Memorial Day Weekend Series- Part 15 of 16
No. 2 Ted Williams
No matter whether he was called "The Kid", "The Splendid Splinter", "Teddy Ballgame", or "The Thumper"— one thing was certain— Ted Williams was arguably the greatest pure hitter in the history of the game.
Williams enjoyed a phenomenal career that spanned 19 seasons, but it was twice put on hold to serve in the U.S. military. He first enlisted in the Navy to serve in World War II in 1942 and did not return to baseball until 1946.
Then, at the age of 34, he was recalled to active duty in the Korean War. This time he served as a pilot in the Marines and received an "Air Medal" for a heroic act in battle.
While on the baseball diamond, Williams accumulated recognitions like base hits during a batting streak. Besides earning All-Star honors 19 times, he won five Major League Player of the Year Awards, two AL MVPs, and two AL Triple Crowns.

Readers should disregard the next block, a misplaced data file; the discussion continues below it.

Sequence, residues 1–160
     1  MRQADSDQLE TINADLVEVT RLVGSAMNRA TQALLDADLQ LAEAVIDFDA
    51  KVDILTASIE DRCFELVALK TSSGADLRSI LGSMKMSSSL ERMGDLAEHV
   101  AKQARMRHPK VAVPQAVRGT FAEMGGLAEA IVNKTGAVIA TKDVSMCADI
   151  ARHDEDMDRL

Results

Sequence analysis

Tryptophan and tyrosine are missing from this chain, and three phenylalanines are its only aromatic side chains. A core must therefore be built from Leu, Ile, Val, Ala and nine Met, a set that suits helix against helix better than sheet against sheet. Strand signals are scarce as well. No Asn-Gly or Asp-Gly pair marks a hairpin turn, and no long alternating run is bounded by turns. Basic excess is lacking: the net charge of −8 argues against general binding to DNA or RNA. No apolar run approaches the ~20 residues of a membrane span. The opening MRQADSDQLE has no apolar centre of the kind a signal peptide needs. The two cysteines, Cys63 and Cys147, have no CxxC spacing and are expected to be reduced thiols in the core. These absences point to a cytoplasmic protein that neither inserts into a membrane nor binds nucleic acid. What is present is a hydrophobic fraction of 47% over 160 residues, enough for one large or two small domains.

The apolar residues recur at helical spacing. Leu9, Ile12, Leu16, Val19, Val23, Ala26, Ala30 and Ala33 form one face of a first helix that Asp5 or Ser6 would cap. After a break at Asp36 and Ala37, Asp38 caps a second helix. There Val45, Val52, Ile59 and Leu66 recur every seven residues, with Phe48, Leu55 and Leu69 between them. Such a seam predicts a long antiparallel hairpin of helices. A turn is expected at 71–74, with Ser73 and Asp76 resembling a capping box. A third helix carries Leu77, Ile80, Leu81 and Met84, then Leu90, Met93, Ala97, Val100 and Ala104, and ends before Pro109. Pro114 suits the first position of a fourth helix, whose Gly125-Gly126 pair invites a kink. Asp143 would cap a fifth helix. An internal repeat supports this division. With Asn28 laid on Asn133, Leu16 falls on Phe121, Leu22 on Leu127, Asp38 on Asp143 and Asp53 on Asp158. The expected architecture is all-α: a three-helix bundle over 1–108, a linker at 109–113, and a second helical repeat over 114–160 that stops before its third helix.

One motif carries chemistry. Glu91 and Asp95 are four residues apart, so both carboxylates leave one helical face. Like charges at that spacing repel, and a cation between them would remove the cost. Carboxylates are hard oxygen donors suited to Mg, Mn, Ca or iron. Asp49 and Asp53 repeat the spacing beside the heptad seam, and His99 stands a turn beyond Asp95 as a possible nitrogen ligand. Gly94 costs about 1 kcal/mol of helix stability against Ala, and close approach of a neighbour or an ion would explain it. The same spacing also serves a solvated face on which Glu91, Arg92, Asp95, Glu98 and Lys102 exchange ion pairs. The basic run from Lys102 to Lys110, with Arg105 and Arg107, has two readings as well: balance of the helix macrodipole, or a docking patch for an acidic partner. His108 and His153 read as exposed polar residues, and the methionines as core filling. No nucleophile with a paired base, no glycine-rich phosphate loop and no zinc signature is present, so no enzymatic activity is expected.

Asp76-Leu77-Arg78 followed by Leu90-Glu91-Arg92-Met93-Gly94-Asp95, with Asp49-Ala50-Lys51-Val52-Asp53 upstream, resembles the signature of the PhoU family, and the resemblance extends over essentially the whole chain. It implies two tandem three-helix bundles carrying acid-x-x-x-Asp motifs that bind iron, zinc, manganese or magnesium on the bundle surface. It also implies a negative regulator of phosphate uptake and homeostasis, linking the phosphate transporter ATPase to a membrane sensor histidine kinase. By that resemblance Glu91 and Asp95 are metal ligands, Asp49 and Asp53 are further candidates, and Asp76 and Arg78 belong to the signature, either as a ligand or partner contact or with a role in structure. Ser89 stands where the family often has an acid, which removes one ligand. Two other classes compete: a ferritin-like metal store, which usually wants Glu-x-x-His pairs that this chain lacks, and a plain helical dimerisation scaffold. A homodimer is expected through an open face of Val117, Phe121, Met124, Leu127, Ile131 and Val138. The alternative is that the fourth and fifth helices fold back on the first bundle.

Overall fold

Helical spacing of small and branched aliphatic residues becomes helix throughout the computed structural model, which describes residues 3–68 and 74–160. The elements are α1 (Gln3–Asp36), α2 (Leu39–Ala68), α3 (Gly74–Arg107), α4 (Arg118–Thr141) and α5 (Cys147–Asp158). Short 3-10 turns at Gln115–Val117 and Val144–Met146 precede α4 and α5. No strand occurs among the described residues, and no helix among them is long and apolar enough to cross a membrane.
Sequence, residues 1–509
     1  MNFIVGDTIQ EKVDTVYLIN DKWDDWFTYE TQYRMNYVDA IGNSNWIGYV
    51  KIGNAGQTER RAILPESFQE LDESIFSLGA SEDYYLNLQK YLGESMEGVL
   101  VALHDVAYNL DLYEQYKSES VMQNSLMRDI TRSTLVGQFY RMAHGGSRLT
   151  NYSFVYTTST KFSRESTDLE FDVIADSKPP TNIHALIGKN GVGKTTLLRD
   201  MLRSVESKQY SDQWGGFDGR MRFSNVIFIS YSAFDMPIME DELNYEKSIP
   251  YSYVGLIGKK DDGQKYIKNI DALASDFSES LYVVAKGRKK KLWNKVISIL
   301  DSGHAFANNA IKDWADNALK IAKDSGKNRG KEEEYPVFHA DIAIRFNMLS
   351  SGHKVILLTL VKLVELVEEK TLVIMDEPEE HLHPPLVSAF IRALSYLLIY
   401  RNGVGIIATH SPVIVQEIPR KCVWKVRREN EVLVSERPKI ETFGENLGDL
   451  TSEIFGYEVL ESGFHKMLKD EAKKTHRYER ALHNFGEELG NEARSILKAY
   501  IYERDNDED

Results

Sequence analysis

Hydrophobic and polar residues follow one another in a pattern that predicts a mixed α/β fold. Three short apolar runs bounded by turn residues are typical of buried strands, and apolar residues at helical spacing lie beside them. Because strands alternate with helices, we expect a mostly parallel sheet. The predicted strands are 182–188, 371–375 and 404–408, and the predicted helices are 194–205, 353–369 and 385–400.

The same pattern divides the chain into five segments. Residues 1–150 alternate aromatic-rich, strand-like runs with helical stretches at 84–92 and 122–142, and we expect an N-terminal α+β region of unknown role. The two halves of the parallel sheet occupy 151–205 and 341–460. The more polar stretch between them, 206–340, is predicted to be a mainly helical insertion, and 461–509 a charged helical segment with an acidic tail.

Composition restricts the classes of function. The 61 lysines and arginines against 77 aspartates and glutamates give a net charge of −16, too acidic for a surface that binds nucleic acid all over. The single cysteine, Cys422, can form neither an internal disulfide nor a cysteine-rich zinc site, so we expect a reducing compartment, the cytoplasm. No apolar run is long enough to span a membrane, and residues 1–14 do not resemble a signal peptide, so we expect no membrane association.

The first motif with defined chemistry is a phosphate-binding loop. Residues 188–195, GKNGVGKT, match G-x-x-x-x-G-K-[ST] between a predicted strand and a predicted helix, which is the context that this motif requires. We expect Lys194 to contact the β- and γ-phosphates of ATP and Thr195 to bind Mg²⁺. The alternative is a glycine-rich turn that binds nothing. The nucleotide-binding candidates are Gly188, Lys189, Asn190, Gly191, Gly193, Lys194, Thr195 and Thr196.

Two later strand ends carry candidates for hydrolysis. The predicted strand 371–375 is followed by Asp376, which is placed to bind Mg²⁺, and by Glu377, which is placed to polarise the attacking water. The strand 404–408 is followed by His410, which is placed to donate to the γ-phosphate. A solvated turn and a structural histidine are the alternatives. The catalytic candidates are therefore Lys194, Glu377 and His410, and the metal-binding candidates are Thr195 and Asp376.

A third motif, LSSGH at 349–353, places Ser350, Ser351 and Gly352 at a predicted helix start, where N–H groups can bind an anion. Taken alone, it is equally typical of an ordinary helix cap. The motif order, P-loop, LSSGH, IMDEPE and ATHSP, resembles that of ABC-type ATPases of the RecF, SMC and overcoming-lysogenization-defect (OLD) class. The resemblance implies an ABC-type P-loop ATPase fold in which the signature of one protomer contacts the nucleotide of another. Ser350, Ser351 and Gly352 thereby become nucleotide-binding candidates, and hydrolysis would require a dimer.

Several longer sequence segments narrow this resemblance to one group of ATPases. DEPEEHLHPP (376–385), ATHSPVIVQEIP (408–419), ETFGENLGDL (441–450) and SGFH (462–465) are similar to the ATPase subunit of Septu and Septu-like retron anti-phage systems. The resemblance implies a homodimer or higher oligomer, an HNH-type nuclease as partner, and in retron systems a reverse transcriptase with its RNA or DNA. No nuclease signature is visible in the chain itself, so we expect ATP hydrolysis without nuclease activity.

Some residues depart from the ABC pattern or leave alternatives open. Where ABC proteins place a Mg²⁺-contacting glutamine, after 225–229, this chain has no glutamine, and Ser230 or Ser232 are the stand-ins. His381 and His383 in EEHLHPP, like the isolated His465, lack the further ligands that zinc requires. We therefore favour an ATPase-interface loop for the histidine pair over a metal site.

The Boston Red Sox left fielder batted .344 (8th) with a .482 OBP (1st) and .634 SLG (2nd) over his career. Williams spanked 521 HRs (18th) and drove in 1,839 RBI (13th) to place high in the career rankings, but had he not given away five years to serve his country he undoubtedly would have placed much higher.
Perhaps his best season was 1941 when he hit a league best .406 and 37 HRs to go with an incredible .553 OBP and .735 SLG. For his efforts, though, he placed second to Joe DiMaggio in the MVP voting.
AB R H HR RBI SB AVG OBP SLG
7706 1798 2654 521 1839 24 .344 .482 .634